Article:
This year summer seems reluctant to yield to passing time. October is unusually mild and the forecast suggests it will stay so for a while. Insects still provide a steady background chirp in the evening forest, bringing me back to childhood evenings listening to night sounds and enjoying the feel of warm breezes as I drifted off to sleep. Even now I love sleeping next to an open window in weather like this. I recently heard coyotes howling in our woods, and I wonder if they are aware of the unusual warmth of the season.
Other autumnal rhythms are independent of temperature. Trees respond to the changing length of daylight, and are finally turning their various rainbow shades, rewarding annual tour bus visitors with a colorful though somewhat muted landscape palette this year. Animals prepare for the winter. Some gather food, others gorge themselves with the last of this year’s bounty. Some migrate south. Some are at the end of their lifecycle, and die.
Countless cultures have recognized the seasons as apt metaphors for the stages of our lives. I sense this strongly in myself. The summer of my full maturity is passing but I too am reluctant to step fully into my autumnal years. Like the weather this year, I am lingering in the warmth of my past, unwilling to let go. I still thrive in many ways. I am blessed with good health and fitness and a sound (though sometimes forgetful) mind. But just as the green chlorophyll gradually drains out of the leaves to reveal their underlying pigments, so too does my old strength gradually fade, and I find myself examining my essential core, trying to discern fully who I am, that part of me that will stay with me to the end.
Shifting metaphors, I think of the tree itself. Deciduous trees shed their leaves in part as a necessary protection from the weight of coming snow, in order that their branches, which have less flex than many evergreens, will not be snapped off by winter’s burden. Though I do not know if I will live on past the winter in some new cycle of rebirth (as some religions would have us understand) I sense a wisdom of trying to let go of things in order to be most free and flexible to meet the challenges I shall face as I move more deeply into the second half of my life, and to take best advantage of the opportunities that may still come my way.
I am unwilling to yield to age simply because of the number of my years. I want to live life fully. To be on fire, like the hills in northern New England appear at this time of year. To let the color and vitality of my life shine. The challenge, of course, is to burn as brightly as I can, unfettered with assumptions about how people my age should live, but at the same time be attuned to real limitations as they arise, and be graceful in surrendering to these.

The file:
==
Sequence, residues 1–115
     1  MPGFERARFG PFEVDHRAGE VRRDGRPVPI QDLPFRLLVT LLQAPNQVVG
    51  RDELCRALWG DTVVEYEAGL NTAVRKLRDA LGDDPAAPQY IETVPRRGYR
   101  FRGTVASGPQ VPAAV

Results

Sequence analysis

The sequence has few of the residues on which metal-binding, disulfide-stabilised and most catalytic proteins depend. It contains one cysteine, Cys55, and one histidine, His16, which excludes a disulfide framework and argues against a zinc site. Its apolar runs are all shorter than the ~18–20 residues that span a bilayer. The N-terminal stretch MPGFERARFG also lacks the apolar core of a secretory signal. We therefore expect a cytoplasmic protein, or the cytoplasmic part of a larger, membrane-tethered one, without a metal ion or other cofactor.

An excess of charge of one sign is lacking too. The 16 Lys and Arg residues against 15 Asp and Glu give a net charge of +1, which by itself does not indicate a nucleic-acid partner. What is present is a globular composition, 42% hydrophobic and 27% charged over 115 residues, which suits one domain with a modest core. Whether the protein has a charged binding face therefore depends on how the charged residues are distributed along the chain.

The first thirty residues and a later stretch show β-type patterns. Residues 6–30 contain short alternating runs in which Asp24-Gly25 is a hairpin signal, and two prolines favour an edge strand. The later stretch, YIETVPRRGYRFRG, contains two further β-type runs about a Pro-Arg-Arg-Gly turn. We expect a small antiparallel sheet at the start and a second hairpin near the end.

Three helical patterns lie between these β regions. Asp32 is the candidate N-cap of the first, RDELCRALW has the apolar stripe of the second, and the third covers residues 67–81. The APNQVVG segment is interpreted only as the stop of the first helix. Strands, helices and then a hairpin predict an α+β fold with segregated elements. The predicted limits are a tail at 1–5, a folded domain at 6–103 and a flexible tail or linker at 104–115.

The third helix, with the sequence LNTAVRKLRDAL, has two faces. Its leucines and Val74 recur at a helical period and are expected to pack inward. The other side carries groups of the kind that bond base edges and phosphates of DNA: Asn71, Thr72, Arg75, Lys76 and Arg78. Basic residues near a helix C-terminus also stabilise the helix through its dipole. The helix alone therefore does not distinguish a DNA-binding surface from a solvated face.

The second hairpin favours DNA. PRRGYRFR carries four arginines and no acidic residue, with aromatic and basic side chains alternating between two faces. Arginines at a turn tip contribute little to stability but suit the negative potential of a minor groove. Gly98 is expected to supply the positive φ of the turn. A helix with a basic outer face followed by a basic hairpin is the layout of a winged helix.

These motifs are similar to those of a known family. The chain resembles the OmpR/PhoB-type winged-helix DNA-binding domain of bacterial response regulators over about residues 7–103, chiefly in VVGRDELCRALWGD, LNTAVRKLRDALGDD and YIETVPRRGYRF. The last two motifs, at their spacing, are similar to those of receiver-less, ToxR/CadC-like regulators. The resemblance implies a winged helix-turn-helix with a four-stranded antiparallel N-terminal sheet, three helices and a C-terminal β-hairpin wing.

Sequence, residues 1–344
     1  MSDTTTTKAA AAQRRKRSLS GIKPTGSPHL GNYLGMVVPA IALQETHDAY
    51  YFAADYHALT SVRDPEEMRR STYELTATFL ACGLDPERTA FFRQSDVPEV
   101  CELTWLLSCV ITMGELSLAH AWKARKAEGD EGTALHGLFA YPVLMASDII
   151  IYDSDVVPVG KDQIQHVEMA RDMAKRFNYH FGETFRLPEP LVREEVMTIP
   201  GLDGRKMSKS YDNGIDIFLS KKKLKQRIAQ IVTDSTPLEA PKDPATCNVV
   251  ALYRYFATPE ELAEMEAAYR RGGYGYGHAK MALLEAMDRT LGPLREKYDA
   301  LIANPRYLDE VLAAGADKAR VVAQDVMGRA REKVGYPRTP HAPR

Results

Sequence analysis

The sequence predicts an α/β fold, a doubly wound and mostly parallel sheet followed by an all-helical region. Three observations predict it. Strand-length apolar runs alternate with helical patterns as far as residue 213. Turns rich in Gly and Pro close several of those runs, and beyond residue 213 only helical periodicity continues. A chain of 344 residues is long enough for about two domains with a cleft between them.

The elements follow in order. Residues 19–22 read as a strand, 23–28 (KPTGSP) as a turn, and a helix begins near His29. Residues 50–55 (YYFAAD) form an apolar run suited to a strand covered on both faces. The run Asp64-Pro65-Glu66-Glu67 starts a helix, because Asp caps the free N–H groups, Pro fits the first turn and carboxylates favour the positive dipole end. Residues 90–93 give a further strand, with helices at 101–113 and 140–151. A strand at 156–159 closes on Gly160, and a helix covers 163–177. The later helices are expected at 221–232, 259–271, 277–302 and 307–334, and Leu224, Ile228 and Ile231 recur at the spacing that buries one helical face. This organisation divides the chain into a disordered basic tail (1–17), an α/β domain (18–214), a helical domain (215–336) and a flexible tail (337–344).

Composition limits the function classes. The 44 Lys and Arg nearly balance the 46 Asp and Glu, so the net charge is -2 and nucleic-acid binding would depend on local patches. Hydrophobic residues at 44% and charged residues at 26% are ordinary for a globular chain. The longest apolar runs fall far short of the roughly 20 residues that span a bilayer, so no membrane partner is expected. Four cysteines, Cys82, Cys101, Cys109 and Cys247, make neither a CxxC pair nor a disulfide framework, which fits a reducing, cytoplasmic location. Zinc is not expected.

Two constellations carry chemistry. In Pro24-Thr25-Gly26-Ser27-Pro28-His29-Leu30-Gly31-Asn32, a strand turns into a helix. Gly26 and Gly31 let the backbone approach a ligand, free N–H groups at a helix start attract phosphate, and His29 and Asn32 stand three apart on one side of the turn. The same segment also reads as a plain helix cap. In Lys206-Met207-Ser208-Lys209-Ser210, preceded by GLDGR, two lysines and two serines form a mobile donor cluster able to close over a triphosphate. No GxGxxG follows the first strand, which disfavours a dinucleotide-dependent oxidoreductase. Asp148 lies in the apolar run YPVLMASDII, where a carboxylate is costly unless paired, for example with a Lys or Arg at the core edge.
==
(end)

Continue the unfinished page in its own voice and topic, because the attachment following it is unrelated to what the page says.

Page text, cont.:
I recall a quote from the Greek author Nikos Kazantzakis, who has had a profound influence on me since college:
“Maybe you’re right, boss. It depends on the way you look at it … Look, one day I had gone to a little village. An old grandfather of 90 was busy planting an almond tree. “What, granddad!” I exclaimed. “Planting an almond tree?” And he, bent as he was, turned round and said: “My child, I carry on as if I should never die.” I replied: “And I carry on as if I was going to die any minute.” Which of us was right, boss?” — Zorba the Greek
There is much wisdom in the alternative of the grandfather’s approach in gracefully accepting each day as it comes. There is a Zen quality to this way of living in the present. But I confess that I prefer Zorba’s answer, to embrace life and live it with a sense of urgency so that no opportunity will be missed, because our time on this earth is so precious.
The days of autumn become shorter, and darkness falls upon us sooner. I am confronted with the reality that I have fewer years ahead of me than behind. The approaching winter carries strong symbolism of death. But Zorba inspires me that embracing life need not be a panicked reaction against this inevitability, but a guide to living life at any age. The spirit, heart, mind and even body can, and should, always burn as brightly as possible, their fires illuminating and expressing our selves, revealing and celebrating who we are. And, just as in early fall the isolated red maples seem to ignite a conflagration of magnificent color across the hillsides, perhaps our lives can serve to inspire and ignite others to also celebrate this mystery we call life.